Wednesday, October 04, 2006
"u'lkachtem lachem" according to the Yerushalmi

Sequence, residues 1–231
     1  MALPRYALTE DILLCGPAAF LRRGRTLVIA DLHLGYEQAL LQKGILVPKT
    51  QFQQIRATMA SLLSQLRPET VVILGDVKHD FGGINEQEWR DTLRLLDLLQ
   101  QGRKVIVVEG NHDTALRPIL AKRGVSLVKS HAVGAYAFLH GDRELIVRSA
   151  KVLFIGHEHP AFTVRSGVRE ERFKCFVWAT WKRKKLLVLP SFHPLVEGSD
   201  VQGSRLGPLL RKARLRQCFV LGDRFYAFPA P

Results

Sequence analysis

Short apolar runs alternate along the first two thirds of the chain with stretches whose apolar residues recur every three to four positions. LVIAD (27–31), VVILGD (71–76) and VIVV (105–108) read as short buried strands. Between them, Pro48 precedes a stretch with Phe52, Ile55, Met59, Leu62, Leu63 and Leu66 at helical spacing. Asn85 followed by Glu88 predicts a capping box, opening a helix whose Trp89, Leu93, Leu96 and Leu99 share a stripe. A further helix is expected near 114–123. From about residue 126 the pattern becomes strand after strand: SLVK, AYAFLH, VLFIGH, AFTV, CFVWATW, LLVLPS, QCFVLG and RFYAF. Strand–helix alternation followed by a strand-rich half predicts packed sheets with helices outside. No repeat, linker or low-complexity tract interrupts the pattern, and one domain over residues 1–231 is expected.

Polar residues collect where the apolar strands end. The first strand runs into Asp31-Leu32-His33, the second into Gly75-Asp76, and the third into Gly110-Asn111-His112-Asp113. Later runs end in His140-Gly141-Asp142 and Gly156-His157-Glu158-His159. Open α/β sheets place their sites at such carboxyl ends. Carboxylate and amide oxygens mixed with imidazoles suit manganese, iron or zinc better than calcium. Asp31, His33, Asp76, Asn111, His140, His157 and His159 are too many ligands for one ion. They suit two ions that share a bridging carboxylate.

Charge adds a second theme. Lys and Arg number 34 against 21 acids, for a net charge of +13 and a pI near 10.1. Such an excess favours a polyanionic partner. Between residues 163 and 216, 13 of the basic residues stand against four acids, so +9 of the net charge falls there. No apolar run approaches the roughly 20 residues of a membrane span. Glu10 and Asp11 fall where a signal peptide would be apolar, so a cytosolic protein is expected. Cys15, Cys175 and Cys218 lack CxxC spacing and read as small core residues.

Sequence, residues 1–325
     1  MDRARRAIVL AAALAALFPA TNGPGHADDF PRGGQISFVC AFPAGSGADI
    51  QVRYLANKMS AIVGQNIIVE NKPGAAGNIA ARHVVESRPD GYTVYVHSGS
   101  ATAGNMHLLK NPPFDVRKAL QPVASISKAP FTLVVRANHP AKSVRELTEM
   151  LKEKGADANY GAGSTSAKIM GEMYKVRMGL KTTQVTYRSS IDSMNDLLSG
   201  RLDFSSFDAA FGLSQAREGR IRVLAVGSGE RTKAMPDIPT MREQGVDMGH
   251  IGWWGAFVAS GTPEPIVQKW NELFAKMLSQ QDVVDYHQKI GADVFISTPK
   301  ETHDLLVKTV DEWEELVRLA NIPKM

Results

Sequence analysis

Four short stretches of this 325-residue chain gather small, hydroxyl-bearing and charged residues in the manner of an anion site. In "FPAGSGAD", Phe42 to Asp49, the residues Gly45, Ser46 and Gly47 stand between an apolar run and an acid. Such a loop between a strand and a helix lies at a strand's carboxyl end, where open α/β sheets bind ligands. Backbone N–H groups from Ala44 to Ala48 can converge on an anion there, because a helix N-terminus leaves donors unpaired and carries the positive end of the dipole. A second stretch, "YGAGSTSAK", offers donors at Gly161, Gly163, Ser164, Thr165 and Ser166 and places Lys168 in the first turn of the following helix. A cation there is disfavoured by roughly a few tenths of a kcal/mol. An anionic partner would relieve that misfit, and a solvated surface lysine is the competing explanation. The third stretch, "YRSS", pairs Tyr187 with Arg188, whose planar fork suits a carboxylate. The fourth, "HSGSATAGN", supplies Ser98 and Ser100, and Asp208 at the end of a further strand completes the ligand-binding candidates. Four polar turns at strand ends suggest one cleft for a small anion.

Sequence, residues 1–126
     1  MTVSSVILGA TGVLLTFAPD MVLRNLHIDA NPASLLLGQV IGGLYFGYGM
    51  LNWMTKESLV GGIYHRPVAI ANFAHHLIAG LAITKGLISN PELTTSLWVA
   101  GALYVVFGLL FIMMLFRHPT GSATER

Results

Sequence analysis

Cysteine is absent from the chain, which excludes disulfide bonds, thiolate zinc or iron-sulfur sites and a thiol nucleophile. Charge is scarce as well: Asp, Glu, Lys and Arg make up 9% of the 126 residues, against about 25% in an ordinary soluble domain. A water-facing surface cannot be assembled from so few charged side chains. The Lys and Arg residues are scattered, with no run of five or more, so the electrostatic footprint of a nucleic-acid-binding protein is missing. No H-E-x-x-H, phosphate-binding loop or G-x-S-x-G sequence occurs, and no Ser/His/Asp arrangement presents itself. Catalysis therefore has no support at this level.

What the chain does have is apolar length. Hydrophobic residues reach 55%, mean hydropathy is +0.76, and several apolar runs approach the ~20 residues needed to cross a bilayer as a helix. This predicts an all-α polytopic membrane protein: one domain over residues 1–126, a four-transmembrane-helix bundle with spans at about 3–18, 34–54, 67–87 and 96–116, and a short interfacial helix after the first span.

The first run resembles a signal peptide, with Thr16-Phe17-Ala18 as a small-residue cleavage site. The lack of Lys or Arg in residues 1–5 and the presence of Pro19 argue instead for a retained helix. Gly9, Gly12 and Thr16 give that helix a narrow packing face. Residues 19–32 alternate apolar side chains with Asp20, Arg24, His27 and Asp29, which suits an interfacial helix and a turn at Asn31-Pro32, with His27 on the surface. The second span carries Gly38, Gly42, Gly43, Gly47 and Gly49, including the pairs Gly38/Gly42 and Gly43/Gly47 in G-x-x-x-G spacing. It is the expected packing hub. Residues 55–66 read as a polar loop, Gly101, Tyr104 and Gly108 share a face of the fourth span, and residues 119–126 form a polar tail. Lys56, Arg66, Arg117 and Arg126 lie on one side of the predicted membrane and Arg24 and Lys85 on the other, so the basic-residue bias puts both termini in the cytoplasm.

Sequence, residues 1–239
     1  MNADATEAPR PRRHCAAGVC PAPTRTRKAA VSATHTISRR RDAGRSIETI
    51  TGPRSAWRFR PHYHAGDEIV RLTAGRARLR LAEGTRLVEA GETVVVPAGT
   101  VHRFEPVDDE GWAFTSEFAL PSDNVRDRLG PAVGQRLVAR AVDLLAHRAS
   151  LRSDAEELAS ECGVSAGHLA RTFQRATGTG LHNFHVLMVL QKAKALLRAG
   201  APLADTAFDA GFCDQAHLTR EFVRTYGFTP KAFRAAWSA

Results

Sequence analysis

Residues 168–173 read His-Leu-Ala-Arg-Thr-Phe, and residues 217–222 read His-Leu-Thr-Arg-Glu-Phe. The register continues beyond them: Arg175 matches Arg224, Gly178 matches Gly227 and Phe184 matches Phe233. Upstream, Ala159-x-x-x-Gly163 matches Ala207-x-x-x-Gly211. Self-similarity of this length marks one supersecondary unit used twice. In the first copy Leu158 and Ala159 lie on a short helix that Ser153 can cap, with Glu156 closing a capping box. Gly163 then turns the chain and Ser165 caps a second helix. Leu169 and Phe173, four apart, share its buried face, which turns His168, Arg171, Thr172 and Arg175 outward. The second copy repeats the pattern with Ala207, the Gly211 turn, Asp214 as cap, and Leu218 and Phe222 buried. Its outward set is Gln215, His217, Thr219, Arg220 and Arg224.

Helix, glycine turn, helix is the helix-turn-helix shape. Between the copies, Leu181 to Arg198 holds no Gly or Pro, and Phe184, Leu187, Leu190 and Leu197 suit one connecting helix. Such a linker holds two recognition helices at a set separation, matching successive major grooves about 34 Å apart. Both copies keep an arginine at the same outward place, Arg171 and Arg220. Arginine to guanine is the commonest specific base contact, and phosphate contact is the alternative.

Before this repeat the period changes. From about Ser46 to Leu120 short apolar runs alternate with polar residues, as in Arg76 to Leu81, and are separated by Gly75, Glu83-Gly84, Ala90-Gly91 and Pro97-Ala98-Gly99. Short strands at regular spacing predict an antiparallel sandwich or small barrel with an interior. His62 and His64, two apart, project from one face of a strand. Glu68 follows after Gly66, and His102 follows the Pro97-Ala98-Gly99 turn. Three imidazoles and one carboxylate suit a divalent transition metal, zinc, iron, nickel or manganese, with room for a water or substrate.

The Yerushalmi (Orlah 2) discusses whether an esrog tree which is grown l'shem mitzvah is included in the issur of orlah or not. Asks the gemara, just like an esrog of ma'aser sheni is excluded by the pasuk of u'lkachtem lachem from being used on sukkot, so too esrog shel mitzvah should be excluded from the chiyuv orlah from the pasuk areilim y'heyu lachem! Answers the gemara: the pasuk of u'lkachtem teaches that a kinyan damim is required on an esrog - it must be purchased - and ma'aser sheni is not something that is bought and sold, but the pasuk of areilim y'heyu lachem applies m'meila to any fruit. The implication of the sugya is that not only must a lulav and esrog be owned because of the word "lachem", yours, but an act of kinyan to acquire the lulav and esrog must be performed to fulfill "u'lkachtem". The Gilyon points to the R' Avigdor Kohein we saw yesterday as a source for such a reading. I do not see how you can glean that from the snippet cited by the Ketzos, and have not gotten a Shu"t haRosh to see it inside to confirm. Be that as it may, the idea is striking - can it really be that if you own your esrog but have not purchased it, e.g. it was given to you as a gift or you grew it in your backyward, that you would not fulfill the mitzvah because you failed to fulfill u'lkachtem? And if the pasuk simply means that where the lulav is not yours a full kinyan is required to acquire it (as opposed to growing your own where it is yours to begin with), why do we need u'lkachtem when we have the word lachem? Last night I found that the Dvar Avraham (II:12) addresses this issue and writes that the Yerushalmi cannot mean an esrog must literally be purchased. Rather, what it means is that the cheftza has a monetary value as something you would purchase - compare Sukkah 35 in the Bavli.